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Misty Copeland is the First African-American Principal Dancer at American Ballet Theatre

Avatar • Jul 1, 2015

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Tears, real tears. As an avid lover of ballet and absolutely unapologetic Misty Copeland stan, I was delighted to see my Twitter feed overflow on Tuesday with tweets of congratulations for the dancer and her promotion at the American Ballet Theatre (ABT) to principal dancer. Becoming a principal at a ballet company is already a huge accomplishment, but this is a historical moment — Misty is the first black female principal at ABT in the company’s 75 year history. In a profession dominated by rail thin white women, she broke through not only color barriers, but also the perceptions of how a dancer’s body should look, to reach her goal.

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And what’s even more amazing? Misty didn’t begin her formal ballet training until the age of thirteen, while many dancers start practicing before they can even enter elementary school. By fourteen, the prodigy had already won her first solo role, living part-time with her manager, Cynthia Bradley. Copeland then went on to become increasingly recognized in the LA-area for her ballet talents and won several awards, landing a coveted scholarship at the San Francisco Ballet summer workshop. In her junior year of high school, Misty began her ballet studies at the Lauridsen Ballet Centre. She joined ABT’s Studio Company in 2000 and continued to excel in several roles, eventually rising to mainstream fame due to her extraordinary talent and back story.

During her career, Copeland developed a binge eating disorder after artistic staff told her that her body lines had changed and she needed to “lengthen,” which is a polite way of saying she needed to lose weight. The ballet world is especially cutthroat when it comes to the female body and after she developed curves due to medically induced maturation, her body no longer fit the dancer stereotype.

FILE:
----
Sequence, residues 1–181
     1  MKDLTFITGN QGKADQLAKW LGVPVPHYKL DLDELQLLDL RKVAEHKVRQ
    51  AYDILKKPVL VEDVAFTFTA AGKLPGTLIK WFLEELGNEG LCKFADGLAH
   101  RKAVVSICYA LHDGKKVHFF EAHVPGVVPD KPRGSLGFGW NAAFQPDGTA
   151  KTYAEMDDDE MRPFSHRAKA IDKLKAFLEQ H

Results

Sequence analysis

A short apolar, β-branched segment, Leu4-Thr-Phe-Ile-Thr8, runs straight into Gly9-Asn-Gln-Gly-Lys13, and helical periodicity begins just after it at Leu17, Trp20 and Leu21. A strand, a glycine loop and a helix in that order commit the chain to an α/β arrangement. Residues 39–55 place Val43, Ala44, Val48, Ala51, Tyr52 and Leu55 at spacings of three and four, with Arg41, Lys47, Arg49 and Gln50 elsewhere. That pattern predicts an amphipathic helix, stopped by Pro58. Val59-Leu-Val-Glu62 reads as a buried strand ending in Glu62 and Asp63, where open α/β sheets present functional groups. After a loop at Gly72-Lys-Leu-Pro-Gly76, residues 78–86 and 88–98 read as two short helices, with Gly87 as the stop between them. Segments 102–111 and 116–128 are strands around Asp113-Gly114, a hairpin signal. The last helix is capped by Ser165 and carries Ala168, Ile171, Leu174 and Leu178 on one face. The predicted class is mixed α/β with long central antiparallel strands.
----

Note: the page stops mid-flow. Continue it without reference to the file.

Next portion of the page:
However, Misty had positive influences in her life that renewed her self-confidence and desire to dance. She recalls in her 2014 Self interview, “I’d always believed that what mattered was how I looked, how well I embodied certain standards of perfection. But now I started to understand that my body’s natural evolution into womanhood had validity, too. Dancing had always made me happy, and I wanted that back. So my priority became simply accepting my new self. I focused on what I wanted: to feel good, to be confident in my skin again, to dance.” She now embraces her curves, defying the stereotype of the “perfect” dancer body and looking fabulous while doing it. Werk.

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In addition to Copeland’s admirable career at ABT (she also became the first black soloist at ABT in more than two decades), she has performed on tour with Prince and was featured in Blackberry, Dr. Pepper and most notably, Under Armour ad campaigns. Her memoir, Life in Motion: An Unlikely Ballerina, is a New York Times bestseller (I highly recommend it). This year, TIME named her one of the most 100 influential people in the world for changing the face of classical ballet and being a role model for young girls (and may I note, women too!).

Misty Copeland’s ongoing dedication to her craft and ability to overcome the odds make her a true example of “black girl magic.” I can’t wait to see what she does next in her career. Congrats, Misty! Also…check out the video of her after her promotion to principal is announced. It will give you all the feels.

 

What do you feel Misty’s accomplishment will mean for black girls everywhere?

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Mary
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Mary

what does this have to do with natural hair…thought you said you were not going to cover relaxed hair…her hair is relaxed.…

Alicia
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Alicia

She’s not super thin like most ballerinas either. She has muscles. Big beautiful muscles. She’s gorgeous. <3

kxlot79
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kxlot79